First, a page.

A new sculpture celebrating those who have worked on Liverpool’s docks will be unveiled on The Liverpool Plinth as it marks its fifth year.
St Helens based contemporary sculptor, Katie McGuire, is the winning artist from the Open Call, the youngest sculptor to be selected for The Liverpool Plinth. Her work explores the importance of materiality through the theme of industrialism. As a female, Northern, working-class artist, McGuire speaks of her work as exploring her heritage through the depiction and reproduction of industry in an artistic and aesthetic approach.
The winning sculpture, 2400, is created solely by hand knitting and is an emblem of the laboured approach of those working on Liverpool’s ships, docks and throughout the slave trade. The sculpture takes an industrial material, backer rod, out of its restricted and internal environment and manipulates it, through knitting, to provide it with a new context. The sculpture will symbolise the chains used on ships or at docks, which are a symbol of a ship’s strength.
The Liverpool Plinth, which is the North’s answer to London’s Fourth Plinth in Trafalgar Square, celebrating and platforming sculptors working in the North of England. Standing on Liverpool Parish Church, the Liverpool Plinth is supported by Liverpool BID Company and dot-art and overlooks the city’s famous Pier Head and River Mersey and has hosted a new sculpture, each for 12 months, since 2018.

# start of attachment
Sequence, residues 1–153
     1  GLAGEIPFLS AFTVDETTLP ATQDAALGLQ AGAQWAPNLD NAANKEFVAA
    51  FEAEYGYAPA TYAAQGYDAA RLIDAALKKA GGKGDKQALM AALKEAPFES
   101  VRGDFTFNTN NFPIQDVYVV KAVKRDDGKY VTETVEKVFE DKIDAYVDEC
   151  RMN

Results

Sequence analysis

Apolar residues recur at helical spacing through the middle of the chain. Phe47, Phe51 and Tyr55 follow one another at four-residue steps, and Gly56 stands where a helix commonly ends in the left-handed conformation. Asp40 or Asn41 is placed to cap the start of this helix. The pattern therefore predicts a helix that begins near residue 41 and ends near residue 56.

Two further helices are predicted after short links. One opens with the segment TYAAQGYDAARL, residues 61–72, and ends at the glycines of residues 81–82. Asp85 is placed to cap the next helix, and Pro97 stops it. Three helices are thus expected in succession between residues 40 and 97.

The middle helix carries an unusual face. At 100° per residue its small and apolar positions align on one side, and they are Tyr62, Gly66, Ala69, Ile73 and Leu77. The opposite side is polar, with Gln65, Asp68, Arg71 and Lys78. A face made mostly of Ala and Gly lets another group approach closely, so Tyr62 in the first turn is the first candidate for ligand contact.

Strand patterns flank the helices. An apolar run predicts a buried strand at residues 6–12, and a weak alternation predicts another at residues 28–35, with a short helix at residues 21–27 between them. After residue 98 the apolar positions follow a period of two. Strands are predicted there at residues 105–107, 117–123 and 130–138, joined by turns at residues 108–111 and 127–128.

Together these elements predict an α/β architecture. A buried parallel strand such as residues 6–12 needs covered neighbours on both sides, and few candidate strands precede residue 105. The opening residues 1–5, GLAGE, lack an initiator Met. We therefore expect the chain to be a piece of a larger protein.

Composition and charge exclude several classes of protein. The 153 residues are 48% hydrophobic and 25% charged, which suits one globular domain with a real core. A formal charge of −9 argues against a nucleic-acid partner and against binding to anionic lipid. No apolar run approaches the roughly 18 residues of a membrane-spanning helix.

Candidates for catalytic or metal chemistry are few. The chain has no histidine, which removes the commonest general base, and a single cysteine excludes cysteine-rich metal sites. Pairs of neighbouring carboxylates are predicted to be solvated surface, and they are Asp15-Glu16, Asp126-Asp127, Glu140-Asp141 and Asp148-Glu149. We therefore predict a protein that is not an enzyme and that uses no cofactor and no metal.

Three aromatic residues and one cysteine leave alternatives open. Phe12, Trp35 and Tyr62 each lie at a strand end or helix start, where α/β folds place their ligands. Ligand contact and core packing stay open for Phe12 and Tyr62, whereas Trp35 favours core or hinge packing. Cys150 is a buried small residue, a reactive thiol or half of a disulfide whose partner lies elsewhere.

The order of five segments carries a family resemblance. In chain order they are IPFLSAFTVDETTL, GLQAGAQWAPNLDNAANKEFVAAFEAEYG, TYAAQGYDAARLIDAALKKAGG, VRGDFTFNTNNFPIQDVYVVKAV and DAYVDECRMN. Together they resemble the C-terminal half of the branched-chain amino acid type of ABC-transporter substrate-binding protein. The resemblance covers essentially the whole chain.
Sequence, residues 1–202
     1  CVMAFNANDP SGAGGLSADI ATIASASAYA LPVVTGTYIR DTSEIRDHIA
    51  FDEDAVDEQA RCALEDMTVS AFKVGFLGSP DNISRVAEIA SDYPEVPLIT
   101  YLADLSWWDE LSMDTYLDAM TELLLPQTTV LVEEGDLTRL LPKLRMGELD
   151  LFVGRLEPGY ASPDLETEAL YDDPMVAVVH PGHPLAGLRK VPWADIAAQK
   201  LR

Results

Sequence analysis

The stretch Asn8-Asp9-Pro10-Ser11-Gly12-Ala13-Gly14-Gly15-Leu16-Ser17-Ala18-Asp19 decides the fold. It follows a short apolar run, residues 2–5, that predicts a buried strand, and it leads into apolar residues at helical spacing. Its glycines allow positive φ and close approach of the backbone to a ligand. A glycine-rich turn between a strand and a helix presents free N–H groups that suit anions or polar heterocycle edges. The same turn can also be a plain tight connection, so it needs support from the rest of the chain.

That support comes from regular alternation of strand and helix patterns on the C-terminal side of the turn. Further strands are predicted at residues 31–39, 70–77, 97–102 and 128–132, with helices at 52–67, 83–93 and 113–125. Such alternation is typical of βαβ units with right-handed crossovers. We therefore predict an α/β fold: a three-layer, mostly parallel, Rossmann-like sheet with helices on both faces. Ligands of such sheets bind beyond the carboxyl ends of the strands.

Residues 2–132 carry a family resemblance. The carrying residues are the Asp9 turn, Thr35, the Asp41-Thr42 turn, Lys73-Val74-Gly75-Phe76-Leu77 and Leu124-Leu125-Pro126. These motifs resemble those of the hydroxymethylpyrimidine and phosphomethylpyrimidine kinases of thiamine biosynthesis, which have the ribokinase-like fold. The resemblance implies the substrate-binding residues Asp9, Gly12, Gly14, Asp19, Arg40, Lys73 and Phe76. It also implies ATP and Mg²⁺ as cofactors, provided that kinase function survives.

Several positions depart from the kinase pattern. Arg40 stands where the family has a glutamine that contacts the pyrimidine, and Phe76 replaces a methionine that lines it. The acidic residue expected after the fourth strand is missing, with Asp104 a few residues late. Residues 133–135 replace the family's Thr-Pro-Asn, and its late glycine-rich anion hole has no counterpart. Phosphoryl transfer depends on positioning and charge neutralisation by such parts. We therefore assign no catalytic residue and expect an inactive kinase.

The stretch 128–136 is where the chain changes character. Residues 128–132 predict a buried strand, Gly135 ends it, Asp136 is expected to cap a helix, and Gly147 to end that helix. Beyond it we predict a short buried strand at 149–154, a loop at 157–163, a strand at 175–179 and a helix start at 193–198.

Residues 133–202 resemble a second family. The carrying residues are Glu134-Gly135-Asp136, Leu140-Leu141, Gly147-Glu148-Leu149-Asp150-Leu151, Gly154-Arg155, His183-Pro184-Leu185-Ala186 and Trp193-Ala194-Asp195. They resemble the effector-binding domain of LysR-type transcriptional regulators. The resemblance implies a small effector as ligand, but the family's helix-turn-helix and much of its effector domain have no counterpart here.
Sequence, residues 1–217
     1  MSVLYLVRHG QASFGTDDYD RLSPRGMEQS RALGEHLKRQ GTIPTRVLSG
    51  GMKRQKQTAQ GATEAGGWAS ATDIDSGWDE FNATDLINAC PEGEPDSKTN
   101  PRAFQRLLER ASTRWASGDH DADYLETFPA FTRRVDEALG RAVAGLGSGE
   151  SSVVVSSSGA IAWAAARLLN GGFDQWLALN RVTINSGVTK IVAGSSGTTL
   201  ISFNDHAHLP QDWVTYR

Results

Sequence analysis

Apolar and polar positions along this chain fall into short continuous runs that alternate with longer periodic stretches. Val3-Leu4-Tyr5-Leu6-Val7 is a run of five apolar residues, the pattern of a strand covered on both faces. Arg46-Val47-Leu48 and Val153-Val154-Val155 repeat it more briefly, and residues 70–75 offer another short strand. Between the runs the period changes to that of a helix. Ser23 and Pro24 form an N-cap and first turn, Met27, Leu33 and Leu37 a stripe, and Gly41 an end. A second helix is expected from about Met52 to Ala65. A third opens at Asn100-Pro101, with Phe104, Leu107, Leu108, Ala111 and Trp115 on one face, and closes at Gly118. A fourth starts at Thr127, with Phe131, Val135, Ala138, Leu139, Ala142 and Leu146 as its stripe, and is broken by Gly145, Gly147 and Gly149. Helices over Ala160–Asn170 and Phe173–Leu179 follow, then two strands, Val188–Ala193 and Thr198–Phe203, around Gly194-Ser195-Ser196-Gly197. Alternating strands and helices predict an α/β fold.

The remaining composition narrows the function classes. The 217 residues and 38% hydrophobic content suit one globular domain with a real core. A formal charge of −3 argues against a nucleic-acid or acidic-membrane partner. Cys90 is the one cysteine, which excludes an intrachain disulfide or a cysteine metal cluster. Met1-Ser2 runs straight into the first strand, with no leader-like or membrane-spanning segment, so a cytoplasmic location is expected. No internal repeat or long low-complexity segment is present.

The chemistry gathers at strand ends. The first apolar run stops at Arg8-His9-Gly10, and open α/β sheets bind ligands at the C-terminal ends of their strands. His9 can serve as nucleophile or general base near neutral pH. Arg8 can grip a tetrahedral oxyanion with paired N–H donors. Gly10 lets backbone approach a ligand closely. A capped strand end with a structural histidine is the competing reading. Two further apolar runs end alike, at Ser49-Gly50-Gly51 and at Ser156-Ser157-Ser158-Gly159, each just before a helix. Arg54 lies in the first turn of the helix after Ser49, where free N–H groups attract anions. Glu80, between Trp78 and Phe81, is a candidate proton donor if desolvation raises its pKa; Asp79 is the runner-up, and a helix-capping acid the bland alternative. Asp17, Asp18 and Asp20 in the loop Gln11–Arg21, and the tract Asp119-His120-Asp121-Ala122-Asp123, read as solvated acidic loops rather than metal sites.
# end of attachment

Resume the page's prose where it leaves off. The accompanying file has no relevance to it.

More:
The sculpture was selected after an open call to artists based in the North of England. It is the fifth sculpture to be installed on the Liverpool Plinth and will remain for 12 months.
The Liverpool Plinth is commissioned by Liverpool BID Company, Liverpool Parish Church and dot-art. The winning artist receives £1,000. The aim of the site is to celebrate up and coming sculptors in the North, to profile public art and to animate an historic corner of Liverpool and its waterfront with contemporary art.
Bill Addy CEO of Liverpool BID Company:
“Investing in and supporting public art is essential because art affects how we feel and spend time in a city. For business, it is vital we continue to support both arts organisations and artists, to help them to continue to do the vital work celebrating the role creativity plays in our everyday lives”.
The Revd Canon Dr Crispin Pailing, Rector of Liverpool:
“I am delighted to see The Liverpool Plinth welcome its fifth artwork this summer. At each iteration I have been inspired by the ability of art to stimulate conversation and thought. At Liverpool Parish Church we see this as another step in the long tradition of the Church in supporting visual art”.
Lucy Byrne, managing director of dot-art:
“The Liverpool Plinth has played a role in people’s daily lives for five years and I am delighted to see this latest sculpture being unveiled. It’s so positive to see such a young artist who has so recently graduated seeing their work at such a prominent location in the city. Liverpool’s art and artists play such a vital role in the city. They enable us to explore our history, examine our culture and visualise our heritage and identity through creativity”.